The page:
Outplanting of branching Acropora enhances recolonization of a fish species and protects massive corals from predation

Tiddy, I.C., Kaullysing, D., Bailey, D.M. , Chummun, P.K., Killen, S.S. , Le Vin, A. and Bhagooli, R. (2021) Outplanting of branching Acropora enhances recolonization of a fish species and protects massive corals from predation. Coral Reefs, 40(5), pp. 1549-1561. (doi: 10.1007/s00338-021-02147-1)

[img] Text
244844.pdf - Published Version
Available under License Creative Commons Attribution.



Damselfish of the genus Stegastes inhabit territories and cultivate algal gardens on branching corals of the genus Acropora, aggressively protecting their territories from other fish and preventing predation upon corals within the territory. This behaviour has important ecological impacts and could also be useful in reducing predation on outplanted corals during reef restoration efforts. However, the degree of protection from predators may depend on the ability of Stegastes spp. to recolonise outplanted or newly established coral colonies. Protection of bleaching-resilient massive corals within territories may be of particular importance due to the role of these corals in maintaining coral cover following bleaching events. This study examined whether the presence of Stegastes spp. reduces predation on the massive bleaching-resilient coral Porites lutea in the Mauritian lagoon, and whether Stegastes spp. readily colonise outplanted branching coral fragments and provide adjacent massive corals with indirect protection from predation. Predation levels on wild-occurring and outplanted P. lutea within and outside Stegastes spp. territories were measured. In addition, Acropora muricata branches were outplanted adjacent to wild P. lutea colonies outside Stegastes spp. territories, and recolonisation of these outplants by Stegastes spp. and the impacts of recolonisation on predation were monitored. Both wild and outplanted P. lutea colonies within Stegastes spp. territories sustained less predation damage compared to colonies outside territories. Stegastes spp. recolonized outplanted A. muricata colonies within six months of outplanting, and in doing so returned predation protection to adjacent P. lutea colonies. The ability of Stegastes spp. to colonise outplanted corals and provide indirect protection to adjacent massive bleaching-resilient corals may inform coral outplanting efforts in systems where Stegastes spp. are common. Encouraging Stegastes spp. recolonisation may help to reduce predation damage to corals within territories and potentially improve the success of rehabilitation efforts.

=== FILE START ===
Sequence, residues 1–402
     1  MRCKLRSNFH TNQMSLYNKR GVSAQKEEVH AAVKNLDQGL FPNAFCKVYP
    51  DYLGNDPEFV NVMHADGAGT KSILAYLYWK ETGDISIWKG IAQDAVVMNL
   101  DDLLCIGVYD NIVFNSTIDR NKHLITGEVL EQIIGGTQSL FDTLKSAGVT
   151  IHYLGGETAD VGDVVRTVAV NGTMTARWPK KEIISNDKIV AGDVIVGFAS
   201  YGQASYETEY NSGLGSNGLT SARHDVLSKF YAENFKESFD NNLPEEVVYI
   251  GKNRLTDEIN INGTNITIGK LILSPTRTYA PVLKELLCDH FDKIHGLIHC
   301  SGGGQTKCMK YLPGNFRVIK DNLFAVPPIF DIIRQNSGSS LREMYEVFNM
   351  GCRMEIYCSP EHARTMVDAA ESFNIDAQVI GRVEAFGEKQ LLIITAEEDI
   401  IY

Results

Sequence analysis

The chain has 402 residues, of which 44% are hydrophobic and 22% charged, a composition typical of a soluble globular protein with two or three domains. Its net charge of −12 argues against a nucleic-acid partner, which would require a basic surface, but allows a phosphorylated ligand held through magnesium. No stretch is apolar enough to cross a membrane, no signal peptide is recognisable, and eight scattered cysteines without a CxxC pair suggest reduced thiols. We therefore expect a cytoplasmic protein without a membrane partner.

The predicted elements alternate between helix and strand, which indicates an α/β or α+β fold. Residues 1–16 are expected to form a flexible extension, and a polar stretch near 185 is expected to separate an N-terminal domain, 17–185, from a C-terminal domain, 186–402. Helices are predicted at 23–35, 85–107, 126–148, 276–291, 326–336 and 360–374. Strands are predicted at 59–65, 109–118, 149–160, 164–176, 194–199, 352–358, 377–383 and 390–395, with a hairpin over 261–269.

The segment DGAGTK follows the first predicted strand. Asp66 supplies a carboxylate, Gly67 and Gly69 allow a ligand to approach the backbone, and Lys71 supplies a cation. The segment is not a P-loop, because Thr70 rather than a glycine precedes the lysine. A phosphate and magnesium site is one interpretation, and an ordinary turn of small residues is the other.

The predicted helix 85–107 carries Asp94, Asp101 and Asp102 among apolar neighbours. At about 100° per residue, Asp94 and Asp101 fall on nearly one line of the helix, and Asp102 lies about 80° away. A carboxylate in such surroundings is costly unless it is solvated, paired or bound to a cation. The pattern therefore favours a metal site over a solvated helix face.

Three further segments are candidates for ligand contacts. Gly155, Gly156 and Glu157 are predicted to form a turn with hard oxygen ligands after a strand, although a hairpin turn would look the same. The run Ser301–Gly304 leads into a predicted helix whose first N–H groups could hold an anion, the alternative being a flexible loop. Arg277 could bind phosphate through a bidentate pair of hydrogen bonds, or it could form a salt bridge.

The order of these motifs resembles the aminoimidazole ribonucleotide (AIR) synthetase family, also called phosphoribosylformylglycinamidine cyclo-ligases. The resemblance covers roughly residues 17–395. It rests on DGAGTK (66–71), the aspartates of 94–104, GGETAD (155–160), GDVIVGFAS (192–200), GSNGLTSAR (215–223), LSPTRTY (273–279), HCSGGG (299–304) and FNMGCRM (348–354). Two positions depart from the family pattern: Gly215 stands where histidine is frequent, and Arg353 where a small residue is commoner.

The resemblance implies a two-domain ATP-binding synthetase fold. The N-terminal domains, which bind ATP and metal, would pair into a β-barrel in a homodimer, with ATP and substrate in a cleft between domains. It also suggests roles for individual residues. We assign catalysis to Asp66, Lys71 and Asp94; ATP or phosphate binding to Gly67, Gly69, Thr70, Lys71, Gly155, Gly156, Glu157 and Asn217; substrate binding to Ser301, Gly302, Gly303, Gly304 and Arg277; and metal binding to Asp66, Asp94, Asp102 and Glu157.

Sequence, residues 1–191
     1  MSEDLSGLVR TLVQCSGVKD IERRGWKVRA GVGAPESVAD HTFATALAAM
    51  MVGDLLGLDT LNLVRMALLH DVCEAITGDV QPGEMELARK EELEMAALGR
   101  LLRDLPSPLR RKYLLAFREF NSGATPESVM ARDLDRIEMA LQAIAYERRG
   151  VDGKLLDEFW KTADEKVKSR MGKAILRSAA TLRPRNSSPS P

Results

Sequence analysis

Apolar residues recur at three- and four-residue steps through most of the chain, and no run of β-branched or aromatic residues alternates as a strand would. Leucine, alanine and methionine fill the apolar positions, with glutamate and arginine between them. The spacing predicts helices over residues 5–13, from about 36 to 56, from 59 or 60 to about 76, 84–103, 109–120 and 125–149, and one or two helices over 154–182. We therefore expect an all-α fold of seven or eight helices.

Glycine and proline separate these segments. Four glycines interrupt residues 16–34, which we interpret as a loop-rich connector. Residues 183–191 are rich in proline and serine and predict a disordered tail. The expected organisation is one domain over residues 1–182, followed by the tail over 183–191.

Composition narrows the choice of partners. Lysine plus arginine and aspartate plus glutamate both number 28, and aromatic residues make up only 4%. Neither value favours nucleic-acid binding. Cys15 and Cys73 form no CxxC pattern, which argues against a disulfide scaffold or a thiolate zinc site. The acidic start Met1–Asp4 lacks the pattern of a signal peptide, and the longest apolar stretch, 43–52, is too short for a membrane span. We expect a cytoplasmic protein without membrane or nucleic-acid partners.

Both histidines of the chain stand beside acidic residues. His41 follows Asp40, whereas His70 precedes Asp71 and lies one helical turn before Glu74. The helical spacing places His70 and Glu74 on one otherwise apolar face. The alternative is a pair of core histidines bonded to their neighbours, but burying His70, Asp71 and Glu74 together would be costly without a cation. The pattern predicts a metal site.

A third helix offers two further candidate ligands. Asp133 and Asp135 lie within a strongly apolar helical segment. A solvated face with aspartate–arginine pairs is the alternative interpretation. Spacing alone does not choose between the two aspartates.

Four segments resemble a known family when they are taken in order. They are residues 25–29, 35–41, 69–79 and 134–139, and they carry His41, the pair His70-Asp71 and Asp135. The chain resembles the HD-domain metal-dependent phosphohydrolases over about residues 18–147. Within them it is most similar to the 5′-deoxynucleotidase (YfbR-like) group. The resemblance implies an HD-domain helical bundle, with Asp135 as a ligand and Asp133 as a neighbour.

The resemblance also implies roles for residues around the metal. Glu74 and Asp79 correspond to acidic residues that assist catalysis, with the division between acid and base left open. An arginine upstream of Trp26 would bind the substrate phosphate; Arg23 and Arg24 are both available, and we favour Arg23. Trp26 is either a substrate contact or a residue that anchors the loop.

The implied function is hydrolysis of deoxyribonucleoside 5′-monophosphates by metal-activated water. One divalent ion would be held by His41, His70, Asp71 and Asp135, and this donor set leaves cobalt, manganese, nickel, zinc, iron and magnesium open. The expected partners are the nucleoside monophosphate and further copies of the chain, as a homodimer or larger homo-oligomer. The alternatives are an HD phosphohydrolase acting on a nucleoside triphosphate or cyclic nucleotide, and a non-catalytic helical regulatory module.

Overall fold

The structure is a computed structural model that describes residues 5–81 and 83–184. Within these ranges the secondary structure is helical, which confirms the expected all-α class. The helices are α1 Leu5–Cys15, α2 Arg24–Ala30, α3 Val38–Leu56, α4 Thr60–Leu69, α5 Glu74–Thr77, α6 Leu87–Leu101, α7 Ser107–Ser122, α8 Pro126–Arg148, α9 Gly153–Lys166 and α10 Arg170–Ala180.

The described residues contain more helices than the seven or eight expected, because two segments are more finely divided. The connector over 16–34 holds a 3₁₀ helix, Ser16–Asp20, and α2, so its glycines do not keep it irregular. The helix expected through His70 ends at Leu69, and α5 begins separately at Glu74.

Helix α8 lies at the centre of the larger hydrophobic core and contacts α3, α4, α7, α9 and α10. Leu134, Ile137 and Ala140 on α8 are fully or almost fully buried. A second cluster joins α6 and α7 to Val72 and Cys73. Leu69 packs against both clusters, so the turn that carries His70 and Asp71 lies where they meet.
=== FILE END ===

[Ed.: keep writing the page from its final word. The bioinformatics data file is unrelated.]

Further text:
Item Type:Articles
Additional Information:RB is grateful to the University of Mauritius (R214 and RF002) and Higher Education Commission (T0721 and T0105) for research funds to study coral reefs. For funding to allow conference attendance, we are grateful to the University of Mauritius (Department of Biosciences and Ocean Studies) and the University of Glasgow (School of Life Sciences). SSK was supported by Natural Environment Research Council Advanced Fellowship (NE/J019100/1) and European Research Council starting grant (640004).
Glasgow Author(s) Enlighten ID:Bailey, Dr David and Le Vin, Dr Ashley and Killen, Professor Shaun
Authors: Tiddy, I.C., Kaullysing, D., Bailey, D.M., Chummun, P.K., Killen, S.S., Le Vin, A., and Bhagooli, R.
College/School:College of Medical Veterinary and Life Sciences > School of Life Sciences
College of Medical Veterinary and Life Sciences > School of Biodiversity, One Health & Veterinary Medicine
Journal Name:Coral Reefs
ISSN (Online):1432-0975
Published Online:02 July 2021
Copyright Holders:Copyright © 2021 The Authors
First Published:First published in Coral Reefs 40(5): 1549-1561
Publisher Policy:Reproduced under a Creative Commons License

University Staff: Request a correction | Enlighten Editors: Update this record

Project CodeAward NoProject NamePrincipal InvestigatorFunder's NameFunder RefLead Dept
167015The Influence of Individual Physiology on Group Behaviour in Fish SchoolsShaun KillenNatural Environment Research Council (NERC)NE/J019100/1Institute of Biodiversity, Animal Health and Comparative Medicine